by Victor Layug, contributor
[This article is the first in a two-part feature.]
‘Dare To Ask: A Symposium on Social Networking, Responsible Parenthood and the Youth’ was held on September 17 at the Grand Theater of the Administrative Building of the University of Makati. The forum was attended by the students of the University, hailing from courses such as Allied Health, the Citizen Leadership Training Program, the Safety Management Training Program, Information Technology, Business Education, and Performing and Broadcasting Arts, among others. The event was also attended by: Milagros Torres, the Executive Director of the K-12 program of University of Makati; Leonora Burgos, the university’s Guidance Counselor; and Ms. Gloria Mallari.
Hershelle Alfonso, the emcee of the event, started the program by introducing Cecille Villa, the Executive Director of the Foundation for Adolescent Development (FAD). Ms. Villa thanked everyone in the audience for attending, and reminded everyone that they have a friend in FAD. She went on to retell the story of how FAD, since 1988, has reached out to the youth and helped them by providing information, education, counseling and in some cases direct medical adolescence.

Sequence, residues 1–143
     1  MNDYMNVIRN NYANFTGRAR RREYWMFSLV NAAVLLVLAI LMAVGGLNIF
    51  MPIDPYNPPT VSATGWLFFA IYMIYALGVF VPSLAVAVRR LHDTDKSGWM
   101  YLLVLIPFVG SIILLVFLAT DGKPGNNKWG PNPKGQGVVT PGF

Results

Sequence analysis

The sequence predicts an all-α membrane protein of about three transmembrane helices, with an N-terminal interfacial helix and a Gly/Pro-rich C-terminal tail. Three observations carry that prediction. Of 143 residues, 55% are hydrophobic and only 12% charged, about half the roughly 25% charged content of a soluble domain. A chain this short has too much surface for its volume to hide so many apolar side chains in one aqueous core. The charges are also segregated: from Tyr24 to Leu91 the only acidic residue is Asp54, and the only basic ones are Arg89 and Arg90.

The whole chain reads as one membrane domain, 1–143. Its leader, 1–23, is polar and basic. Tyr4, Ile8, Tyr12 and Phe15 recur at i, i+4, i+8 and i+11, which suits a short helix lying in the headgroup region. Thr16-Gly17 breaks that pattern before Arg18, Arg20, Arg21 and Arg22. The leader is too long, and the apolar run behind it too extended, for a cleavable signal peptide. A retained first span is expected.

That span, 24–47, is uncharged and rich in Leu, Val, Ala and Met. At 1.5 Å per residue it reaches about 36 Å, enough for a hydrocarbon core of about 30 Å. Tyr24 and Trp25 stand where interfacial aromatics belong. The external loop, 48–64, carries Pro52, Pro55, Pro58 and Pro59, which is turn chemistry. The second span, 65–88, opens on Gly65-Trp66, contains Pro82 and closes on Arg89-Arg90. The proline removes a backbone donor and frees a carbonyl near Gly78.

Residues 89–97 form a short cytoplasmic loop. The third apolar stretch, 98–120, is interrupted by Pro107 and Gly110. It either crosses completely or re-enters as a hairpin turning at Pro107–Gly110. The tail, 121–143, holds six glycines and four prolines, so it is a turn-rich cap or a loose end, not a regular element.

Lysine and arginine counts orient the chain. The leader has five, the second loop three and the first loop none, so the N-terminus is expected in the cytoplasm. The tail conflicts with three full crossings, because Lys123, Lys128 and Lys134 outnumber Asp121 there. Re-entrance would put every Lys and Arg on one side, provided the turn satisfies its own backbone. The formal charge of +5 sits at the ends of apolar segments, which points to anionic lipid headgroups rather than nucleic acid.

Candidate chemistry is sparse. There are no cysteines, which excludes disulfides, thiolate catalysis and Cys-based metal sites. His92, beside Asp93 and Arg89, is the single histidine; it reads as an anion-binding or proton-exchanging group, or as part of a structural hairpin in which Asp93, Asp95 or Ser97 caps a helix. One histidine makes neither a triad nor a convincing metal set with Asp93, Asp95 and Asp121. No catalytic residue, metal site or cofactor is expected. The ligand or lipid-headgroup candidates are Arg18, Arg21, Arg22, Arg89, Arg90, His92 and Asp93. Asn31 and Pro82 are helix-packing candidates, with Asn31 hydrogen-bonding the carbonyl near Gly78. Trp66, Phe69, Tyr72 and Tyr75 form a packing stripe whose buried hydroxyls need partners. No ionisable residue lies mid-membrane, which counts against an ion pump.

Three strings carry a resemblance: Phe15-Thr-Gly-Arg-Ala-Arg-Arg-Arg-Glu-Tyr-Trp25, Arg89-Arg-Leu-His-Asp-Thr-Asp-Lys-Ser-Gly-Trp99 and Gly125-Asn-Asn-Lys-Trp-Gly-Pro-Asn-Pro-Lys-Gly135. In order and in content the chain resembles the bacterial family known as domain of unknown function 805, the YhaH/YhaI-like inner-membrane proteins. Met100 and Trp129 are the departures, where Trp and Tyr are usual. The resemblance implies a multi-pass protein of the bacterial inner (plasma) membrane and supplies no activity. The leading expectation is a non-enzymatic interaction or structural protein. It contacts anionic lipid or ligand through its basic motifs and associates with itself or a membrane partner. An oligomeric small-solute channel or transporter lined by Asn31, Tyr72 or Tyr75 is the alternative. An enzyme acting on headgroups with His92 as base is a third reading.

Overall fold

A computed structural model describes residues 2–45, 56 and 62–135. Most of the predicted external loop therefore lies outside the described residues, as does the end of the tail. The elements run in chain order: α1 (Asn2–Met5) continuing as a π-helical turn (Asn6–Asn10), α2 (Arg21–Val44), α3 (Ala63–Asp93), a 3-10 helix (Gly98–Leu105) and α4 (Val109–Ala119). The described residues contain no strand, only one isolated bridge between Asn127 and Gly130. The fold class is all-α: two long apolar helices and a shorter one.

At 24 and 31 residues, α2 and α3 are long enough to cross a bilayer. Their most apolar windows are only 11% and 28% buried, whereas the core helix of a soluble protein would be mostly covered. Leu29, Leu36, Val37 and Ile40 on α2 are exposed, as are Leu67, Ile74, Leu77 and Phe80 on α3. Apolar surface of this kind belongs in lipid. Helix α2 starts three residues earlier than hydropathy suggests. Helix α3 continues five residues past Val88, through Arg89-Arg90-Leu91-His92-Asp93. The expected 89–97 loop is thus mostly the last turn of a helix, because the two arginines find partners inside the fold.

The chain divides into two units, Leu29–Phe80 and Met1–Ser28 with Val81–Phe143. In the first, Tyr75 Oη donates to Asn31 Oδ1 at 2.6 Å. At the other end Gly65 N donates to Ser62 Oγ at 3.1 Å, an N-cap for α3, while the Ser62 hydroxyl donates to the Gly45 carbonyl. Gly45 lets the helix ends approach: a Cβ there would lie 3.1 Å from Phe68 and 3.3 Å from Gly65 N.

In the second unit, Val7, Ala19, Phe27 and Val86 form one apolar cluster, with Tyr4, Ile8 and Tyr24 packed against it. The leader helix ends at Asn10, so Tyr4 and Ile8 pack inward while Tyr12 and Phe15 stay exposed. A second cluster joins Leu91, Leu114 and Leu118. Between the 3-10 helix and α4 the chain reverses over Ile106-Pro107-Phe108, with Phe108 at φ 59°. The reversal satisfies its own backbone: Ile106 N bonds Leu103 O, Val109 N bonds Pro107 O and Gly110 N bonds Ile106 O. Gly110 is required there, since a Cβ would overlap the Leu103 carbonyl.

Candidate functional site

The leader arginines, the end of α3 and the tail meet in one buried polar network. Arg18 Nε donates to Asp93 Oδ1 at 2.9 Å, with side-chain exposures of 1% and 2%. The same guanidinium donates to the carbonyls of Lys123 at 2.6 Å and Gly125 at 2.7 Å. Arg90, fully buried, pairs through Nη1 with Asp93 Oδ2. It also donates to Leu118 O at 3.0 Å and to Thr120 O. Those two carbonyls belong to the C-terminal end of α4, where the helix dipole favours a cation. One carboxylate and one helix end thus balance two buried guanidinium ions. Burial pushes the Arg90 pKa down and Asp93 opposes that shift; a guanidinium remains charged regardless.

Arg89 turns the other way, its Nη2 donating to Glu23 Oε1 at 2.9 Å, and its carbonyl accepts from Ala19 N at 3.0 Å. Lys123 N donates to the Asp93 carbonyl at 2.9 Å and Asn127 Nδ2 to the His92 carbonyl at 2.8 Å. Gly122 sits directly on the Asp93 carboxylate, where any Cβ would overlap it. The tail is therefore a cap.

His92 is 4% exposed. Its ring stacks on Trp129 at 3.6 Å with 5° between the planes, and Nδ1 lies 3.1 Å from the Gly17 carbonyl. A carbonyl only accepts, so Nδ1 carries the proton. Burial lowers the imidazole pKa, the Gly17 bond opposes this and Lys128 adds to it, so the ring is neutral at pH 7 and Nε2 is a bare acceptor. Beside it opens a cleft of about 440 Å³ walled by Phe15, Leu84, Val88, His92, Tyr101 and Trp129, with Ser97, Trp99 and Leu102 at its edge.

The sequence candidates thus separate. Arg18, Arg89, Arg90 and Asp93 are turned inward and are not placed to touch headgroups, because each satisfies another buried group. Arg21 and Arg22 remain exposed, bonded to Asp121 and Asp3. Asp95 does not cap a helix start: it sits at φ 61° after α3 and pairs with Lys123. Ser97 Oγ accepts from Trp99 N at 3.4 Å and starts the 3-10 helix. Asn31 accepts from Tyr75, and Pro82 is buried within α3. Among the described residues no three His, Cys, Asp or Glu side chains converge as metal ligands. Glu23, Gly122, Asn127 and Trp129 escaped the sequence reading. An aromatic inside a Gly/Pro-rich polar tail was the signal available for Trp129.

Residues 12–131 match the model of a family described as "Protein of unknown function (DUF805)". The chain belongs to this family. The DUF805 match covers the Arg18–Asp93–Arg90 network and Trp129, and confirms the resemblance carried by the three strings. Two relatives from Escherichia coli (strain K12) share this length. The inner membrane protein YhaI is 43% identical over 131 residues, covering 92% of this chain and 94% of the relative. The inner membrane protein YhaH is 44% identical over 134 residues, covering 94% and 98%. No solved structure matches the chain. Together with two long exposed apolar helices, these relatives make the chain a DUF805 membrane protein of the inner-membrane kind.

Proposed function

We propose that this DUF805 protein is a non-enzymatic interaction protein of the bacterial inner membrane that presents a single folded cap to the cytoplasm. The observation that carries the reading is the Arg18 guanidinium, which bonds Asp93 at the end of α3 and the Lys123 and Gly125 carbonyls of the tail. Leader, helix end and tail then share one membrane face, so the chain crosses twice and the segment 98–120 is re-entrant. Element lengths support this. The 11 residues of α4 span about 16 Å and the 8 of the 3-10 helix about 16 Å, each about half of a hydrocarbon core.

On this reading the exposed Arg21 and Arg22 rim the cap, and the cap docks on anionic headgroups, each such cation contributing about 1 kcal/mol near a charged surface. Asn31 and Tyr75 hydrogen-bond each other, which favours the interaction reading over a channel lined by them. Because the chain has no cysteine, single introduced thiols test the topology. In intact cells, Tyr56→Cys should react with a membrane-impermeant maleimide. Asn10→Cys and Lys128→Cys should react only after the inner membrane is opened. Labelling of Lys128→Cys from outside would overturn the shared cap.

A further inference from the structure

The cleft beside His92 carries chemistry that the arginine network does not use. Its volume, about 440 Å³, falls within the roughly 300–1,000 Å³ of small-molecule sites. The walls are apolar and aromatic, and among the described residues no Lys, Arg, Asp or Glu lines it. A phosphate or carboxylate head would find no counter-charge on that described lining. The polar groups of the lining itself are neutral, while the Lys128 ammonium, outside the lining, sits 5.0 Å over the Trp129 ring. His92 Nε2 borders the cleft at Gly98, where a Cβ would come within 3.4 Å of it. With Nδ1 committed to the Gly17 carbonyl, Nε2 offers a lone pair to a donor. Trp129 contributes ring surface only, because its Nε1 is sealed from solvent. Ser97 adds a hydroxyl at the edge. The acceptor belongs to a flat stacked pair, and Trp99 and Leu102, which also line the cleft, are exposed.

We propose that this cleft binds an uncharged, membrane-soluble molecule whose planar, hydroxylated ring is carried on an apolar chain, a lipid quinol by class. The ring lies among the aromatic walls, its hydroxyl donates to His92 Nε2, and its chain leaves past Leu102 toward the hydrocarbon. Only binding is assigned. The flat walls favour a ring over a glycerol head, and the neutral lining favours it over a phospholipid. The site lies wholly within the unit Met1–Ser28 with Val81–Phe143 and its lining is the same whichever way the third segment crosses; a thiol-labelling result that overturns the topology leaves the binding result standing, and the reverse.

Ms. Villa told the audience how 2012 marks the first partnership between FAD and the University of Makati. The objectives of the partnership are: to gather baseline info on health, sexuality, population and development; to provide youth a friendly forum where students can ask, clarify and engage in informative discussion on health, sexuality, population and development; and to build a community online via social networks through the efforts of the Foundation for Adolescent Development and the Philippine Center for Population and Development.